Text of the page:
in Medial Ulnar Collateral Ligament Reconstruction in the United Sates: A
retrospective review of a large private-payer database from 2007 to 2011

Erickson BJ, Nwachukwu BU,
Rosas S, Schairer WW, McCormick FM, Bach BR, Bush-Joseph CA, Romeo AA. American Journal of Sports Medicine.

Home Message: High school athletes are having ulnar collateral reconstruction
at an exponential rate annually.

When Tommy John surgery was first introduced back in 1986, it
was a breakthrough, which allowed throwing athletes (pitchers) to return to
play at the elite level. Since then, both professional and amateur baseball
pitchers have successfully returned to playing high-level baseball. Surprisingly,
even high school pitchers are currently undergoing ulnar collateral ligament reconstruction
(UCLR) on a regular basis. However, the rate at which this is occurring is
unknown.  Therefore, Erickson et al
conducted a retrospective database (private payer) analysis to identify UCLR
procedures performed between 2007-2011 and to determine the rate of increase.  The authors further divided patients by age, geographic
location, and time of year. The authors found that 790 patients underwent UCLR
between 2007-2011. The majority of patients were 15-19 years of age followed by
those between 20-24 year of age. The region of the United States that had the
most UCLR procedures was the South. Most of the UCLR procedures were performed
in the 2nd quarter of a year (between April-June).

The increased incidence of
UCLR among teenagers creates a deliberation of reasons. Similar to the
increased awareness of concussions within the last 10-15 years, the general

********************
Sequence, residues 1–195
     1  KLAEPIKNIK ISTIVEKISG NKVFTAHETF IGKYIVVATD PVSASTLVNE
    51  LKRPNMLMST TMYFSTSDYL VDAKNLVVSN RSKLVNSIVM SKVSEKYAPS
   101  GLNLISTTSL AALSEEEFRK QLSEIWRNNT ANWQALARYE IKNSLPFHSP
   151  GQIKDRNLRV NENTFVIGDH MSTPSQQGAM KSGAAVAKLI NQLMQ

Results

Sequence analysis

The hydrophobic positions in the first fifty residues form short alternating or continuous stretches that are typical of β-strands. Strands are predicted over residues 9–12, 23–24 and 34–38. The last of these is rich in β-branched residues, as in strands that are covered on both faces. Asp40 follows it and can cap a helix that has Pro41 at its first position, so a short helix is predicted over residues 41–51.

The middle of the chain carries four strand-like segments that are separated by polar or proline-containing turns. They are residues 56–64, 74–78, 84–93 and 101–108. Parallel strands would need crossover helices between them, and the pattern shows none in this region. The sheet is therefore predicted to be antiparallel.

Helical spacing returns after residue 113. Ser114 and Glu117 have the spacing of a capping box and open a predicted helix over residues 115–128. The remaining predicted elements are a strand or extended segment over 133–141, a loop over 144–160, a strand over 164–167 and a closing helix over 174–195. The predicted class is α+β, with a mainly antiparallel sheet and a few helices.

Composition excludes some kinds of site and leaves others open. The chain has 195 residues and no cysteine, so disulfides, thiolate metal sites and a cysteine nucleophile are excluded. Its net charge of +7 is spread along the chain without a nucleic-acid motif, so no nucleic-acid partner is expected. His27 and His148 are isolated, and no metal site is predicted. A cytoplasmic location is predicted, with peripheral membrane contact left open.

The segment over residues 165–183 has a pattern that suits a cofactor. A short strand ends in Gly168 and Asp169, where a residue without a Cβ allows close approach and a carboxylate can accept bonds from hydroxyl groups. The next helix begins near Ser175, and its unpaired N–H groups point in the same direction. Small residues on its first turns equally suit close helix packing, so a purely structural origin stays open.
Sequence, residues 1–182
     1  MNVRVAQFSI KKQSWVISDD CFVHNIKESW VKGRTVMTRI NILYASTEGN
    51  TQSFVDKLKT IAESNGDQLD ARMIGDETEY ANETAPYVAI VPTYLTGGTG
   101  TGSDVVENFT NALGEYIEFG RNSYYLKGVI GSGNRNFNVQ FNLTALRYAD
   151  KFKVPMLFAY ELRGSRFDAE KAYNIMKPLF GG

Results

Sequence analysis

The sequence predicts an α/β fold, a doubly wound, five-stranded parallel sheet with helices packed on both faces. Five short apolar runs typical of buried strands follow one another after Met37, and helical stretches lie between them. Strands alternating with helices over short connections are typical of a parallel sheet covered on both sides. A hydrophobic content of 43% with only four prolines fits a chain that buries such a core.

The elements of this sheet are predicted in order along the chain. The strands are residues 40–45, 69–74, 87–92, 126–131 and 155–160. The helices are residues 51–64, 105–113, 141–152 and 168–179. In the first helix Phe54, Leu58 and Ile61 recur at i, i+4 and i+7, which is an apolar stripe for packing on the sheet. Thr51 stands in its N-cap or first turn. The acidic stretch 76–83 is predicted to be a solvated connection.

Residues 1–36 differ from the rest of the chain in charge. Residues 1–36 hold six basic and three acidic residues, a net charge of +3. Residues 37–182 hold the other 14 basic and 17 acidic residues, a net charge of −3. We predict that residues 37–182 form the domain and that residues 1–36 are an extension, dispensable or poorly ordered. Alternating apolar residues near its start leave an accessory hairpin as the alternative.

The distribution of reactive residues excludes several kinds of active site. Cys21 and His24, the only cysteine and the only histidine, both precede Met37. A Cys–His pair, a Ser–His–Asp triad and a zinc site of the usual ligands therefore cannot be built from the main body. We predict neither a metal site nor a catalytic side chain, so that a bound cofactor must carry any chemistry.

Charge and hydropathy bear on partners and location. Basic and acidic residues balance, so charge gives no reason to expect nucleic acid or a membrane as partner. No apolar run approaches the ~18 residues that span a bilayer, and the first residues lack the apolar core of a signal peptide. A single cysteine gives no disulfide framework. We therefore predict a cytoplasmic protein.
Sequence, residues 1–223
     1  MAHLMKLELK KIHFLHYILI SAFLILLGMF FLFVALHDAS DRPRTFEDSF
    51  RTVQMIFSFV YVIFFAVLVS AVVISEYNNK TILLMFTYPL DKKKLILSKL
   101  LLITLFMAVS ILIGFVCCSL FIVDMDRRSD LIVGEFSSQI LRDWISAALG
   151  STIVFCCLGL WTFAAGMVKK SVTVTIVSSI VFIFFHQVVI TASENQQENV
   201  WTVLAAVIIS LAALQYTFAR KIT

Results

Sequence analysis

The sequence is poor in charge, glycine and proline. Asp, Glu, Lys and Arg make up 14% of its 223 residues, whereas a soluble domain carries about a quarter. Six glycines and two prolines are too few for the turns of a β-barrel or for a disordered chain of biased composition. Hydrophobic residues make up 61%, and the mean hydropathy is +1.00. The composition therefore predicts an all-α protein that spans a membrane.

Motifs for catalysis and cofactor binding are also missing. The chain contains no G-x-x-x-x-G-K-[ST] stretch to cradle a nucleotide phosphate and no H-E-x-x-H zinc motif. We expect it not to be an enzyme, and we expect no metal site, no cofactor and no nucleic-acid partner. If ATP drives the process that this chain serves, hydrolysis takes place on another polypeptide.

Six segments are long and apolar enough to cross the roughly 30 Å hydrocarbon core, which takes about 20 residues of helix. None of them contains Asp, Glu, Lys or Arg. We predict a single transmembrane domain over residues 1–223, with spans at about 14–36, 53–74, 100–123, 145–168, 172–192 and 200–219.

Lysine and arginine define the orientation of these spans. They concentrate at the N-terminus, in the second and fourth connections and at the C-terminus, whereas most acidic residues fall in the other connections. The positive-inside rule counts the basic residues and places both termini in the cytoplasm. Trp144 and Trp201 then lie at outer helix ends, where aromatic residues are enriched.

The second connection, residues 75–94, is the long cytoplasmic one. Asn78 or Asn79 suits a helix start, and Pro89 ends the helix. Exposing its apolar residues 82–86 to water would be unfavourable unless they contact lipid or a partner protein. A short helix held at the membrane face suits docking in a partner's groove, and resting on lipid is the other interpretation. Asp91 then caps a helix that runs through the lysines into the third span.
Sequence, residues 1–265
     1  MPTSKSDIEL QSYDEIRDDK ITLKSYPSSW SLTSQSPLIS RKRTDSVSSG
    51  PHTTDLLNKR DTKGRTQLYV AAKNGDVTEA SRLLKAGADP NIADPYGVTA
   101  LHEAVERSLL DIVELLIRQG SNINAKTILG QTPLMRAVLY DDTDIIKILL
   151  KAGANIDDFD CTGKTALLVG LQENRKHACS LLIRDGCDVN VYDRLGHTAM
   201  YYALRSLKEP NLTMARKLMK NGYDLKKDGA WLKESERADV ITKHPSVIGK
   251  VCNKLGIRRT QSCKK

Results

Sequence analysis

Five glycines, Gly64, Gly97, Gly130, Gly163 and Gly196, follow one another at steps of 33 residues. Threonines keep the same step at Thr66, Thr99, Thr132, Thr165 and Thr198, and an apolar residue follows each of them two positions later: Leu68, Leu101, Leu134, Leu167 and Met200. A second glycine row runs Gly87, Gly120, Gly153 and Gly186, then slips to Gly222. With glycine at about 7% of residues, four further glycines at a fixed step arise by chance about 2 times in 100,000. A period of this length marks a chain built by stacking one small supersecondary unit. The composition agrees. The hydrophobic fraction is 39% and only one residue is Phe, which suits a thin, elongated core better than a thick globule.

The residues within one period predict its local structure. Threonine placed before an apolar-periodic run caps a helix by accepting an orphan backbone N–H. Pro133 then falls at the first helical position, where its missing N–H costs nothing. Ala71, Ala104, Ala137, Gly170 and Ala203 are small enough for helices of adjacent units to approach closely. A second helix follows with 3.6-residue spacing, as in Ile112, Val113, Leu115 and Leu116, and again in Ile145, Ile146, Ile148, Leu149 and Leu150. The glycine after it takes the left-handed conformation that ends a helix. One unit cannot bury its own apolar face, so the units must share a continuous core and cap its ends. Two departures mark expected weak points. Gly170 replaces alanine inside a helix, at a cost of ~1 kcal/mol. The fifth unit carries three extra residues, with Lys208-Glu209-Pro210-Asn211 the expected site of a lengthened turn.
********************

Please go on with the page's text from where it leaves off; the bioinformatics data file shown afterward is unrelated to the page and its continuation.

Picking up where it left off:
athletic population has increased perception of the ulnar collateral ligament due
to the increased incidence of UCLR in Major League Baseball and collegiate
baseball pitchers. Alongside public perception, the authors reviewed an article
where a survey was issued to high school and college baseball players, parents,
and coaches regarding their perception of UCLR as it related to risks, recovery
time, operative technique, and benefits. One of the interesting outcomes of the
questionnaire was that a significant amount of responses displayed the
perception that UCLR should be performed prophylactically. High school
athletes, parents, and coaches believe that UCLR will actually improve
performance. Interestingly, a recent study
found that only 82% of patients return to pre-injury levels of performance and
there was no change in velocity ( Clinicians
should educate athletes and parents about the outcomes following UCLR.  The authors noted various limitations associated
with accessing private payer databases.  These
limitations include possible bias among patient populations and errors related
to coding or erroneous code entry of CPT codes. Interestingly, the article did not
identify if patients underwent revision UCLR procedures.

for Discussion:   What are some avenues
to address injury risk reduction efforts in the 15-19 year old population? What
are some speculations for the South having the highest incidence of UCLR?

Written By: Sheena Long
Reviewed by:  Stephen Thomas

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Erickson, B., Nwachukwu, B., Rosas, S., Schairer, W., McCormick, F., Bach, B., Bush-Joseph, C., & Romeo, A. (2015). Trends in Medial Ulnar Collateral Ligament Reconstruction in the United States: A Retrospective Review of a Large Private-Payer Database From 2007 to 2011 The American Journal of Sports Medicine, 43 (7), 1770-1774 DOI: 10.1177/0363546515580304